Clicking on banner ads enables JWR to constantly improve
Jewish World Review March 15, 2000 / 8 Adar II, 5760

Michael Kelly

Michael Kelly
JWR's Pundits
World Editorial
Cartoon Showcase

Mallard Fillmore

Michael Barone
Mona Charen
Linda Chavez
David Corn
Ann Coulter
Greg Crosby
Larry Elder
Don Feder
Suzanne Fields
Paul Greenberg
Bob Greene
Betsy Hart
Nat Hentoff
David Horowitz
Arianna Huffington
Marianne Jennings
Michael Kelly
Mort Kondracke
Ch. Krauthammer
Lawrence Kudlow
Dr. Laura
John Leo
David Limbaugh
Michelle Malkin
Jackie Mason
Chris Matthews
Michael Medved
Kathleen Parker
Wes Pruden
Debbie Schlussel
Sam Schulman
Roger Simon
Tony Snow
Thomas Sowell
Cal Thomas
Jonathan S. Tobin
Ben Wattenberg
George Will
Bruce Williams
Walter Williams
Mort Zuckerman

Consumer Reports



Reform joke -- AFTER SEVEN YEARS of the Clinton administration, it takes something really rich to get a laugh here, but Al Gore's announcement last weekend that he was the candidate of campaign finance reform did the trick. Clinton-Gore fund-raiser Terence McAuliffe, implicated in an illegal 1996 fund-raising scheme involving the misuse of Teamsters' funds, laughed so hard that he dropped a large valise filled with unsequentially numbered old $20 bills he happened to be holding for a friend and badly bruised his foot. Recently convicted Gore fund-raiser Maria Hsia tried to call Gore to share a giggle with him, but Big Mama, who pretty much runs Cell Block H, wouldn't let her use the phone. Former Clinton-Gore fund-raisers Johnny Chung, Charlie Trie and John Huang, all of whom have pleaded guilty to violations of campaign finance law, declined to laugh on the advice of lawyers. Clinton himself chuckled all the way through Monday's Cleveland fund-raising dinner for 28 couples at $25,000 per.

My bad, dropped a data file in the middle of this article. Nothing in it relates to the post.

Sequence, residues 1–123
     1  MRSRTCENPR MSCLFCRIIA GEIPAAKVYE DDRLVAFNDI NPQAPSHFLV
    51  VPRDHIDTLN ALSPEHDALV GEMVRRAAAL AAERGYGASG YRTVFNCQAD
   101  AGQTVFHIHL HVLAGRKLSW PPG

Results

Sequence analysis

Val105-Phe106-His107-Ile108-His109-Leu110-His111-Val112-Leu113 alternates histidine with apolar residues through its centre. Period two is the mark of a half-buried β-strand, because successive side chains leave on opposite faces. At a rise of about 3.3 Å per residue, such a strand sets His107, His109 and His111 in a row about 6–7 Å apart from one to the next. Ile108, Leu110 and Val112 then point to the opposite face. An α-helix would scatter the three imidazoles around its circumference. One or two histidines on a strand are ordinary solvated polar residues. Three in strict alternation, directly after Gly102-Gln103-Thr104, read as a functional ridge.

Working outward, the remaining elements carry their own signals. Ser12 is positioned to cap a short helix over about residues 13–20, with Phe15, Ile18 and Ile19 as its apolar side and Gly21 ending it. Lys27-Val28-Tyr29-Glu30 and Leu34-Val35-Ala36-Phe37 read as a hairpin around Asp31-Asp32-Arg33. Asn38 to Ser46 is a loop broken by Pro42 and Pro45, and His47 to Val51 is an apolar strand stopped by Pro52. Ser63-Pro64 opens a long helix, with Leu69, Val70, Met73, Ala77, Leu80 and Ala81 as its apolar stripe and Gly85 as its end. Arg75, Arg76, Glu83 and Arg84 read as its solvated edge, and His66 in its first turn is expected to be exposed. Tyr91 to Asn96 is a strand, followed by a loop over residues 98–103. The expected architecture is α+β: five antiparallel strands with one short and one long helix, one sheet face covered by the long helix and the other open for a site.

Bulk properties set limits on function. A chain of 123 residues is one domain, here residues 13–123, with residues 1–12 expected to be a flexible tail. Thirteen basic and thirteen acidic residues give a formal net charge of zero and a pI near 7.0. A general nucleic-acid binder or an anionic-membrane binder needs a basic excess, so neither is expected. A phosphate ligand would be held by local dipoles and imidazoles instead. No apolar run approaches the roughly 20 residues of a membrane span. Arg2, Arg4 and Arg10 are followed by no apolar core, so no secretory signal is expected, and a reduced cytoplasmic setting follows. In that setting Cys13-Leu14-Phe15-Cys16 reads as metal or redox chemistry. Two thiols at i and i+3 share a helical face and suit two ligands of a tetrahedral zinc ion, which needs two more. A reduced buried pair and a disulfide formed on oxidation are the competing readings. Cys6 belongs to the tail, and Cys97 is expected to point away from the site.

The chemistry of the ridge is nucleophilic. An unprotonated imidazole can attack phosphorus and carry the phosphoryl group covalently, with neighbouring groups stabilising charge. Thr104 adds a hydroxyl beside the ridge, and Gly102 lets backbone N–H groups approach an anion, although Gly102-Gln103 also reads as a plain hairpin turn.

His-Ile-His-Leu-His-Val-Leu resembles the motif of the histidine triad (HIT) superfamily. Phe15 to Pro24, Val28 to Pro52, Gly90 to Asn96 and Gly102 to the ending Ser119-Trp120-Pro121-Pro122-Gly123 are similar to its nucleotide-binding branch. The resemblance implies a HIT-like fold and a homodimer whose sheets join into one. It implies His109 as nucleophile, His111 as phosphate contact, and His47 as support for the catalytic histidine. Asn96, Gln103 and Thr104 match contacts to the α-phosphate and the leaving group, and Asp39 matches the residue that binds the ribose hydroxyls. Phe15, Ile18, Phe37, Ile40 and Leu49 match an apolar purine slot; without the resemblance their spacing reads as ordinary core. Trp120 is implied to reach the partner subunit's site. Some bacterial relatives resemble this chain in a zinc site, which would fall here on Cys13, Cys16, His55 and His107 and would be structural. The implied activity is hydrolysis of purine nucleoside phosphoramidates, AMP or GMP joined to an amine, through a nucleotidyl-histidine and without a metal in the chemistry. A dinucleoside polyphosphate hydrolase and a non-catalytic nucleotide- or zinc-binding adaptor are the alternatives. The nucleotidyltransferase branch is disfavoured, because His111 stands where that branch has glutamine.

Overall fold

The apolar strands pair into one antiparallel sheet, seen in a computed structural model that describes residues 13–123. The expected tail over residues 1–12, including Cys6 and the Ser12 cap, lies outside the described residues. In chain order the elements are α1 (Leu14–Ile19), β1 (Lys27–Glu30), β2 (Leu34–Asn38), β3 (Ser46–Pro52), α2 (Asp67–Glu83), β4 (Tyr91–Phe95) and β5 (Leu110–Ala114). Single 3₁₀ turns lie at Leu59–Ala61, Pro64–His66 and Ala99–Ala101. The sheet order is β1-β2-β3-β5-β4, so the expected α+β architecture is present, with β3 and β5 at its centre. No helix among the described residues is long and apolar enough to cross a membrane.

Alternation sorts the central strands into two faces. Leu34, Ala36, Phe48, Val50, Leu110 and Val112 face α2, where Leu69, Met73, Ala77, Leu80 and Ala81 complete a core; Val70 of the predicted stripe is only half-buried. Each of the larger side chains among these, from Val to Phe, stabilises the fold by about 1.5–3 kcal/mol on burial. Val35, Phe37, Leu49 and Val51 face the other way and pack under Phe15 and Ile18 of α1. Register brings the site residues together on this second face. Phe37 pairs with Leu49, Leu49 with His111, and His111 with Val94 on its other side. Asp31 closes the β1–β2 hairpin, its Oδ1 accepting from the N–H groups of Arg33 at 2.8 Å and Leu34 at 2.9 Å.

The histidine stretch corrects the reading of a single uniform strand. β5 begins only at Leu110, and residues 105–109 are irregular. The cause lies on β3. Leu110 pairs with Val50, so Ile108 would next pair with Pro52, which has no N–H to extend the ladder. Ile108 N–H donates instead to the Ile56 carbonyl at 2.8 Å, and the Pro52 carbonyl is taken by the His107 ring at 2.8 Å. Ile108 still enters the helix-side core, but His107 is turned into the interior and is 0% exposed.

No, seriously, folks. Oh, never mind. You can't do this seriously. Al Gore snatching up John McCain's flag of campaign finance reform? Al "Buddhist for a Day" Gore, the mendicant's mendicant? Al Gore, host or co-host of 31 White House "coffees?" Al Gore, who used the office of the vice president to make 56 telephone calls soliciting money?

Well, yes, that's the fella. And those whose breath might be taken away by the staggering hypocrisy, the brute cynicism, the wild audacity--you know, all the usual Clinton-Gore stuff--are missing the point.

The point, Gore told reporters on Saturday, was that it was precisely his previous naughtiness in the fund-raising line that makes him so particularly fit to run now as a champion of clean campaigns. "I have learned from my mistakes," said Gore. "I have a passion for campaign finance reform that is fueled in part because of the pain of those mistakes."

Listen, skeptics, those mistakes hurt Al Gore. He told the press that he had become a convert to honesty in fund-raising because of "the pain of making the mistake in '96," a pain that he now holds dear because it gave him "an opportunity for learning and growth." Now, really, how funny is this?

Funnier even than it seems at first glance. Let's put the gag in context. Let's look at Gore-related stories in the news in the days surrounding the vice president's announcement of his conversion.

On March 2, Hsia, a longtime Gore friend and fund-raiser, was convicted on five felony counts for funneling more than $100,000 in illegal donations to the Democratic Party and the Clinton-Gore campaign in 1996. (No, she's not really in jail; she's awaiting sentencing). Some $55,000 of this money was raised at a visit by Gore himself to the Hsi Lai Temple, from Buddhist nuns and monks serving as "straw donors."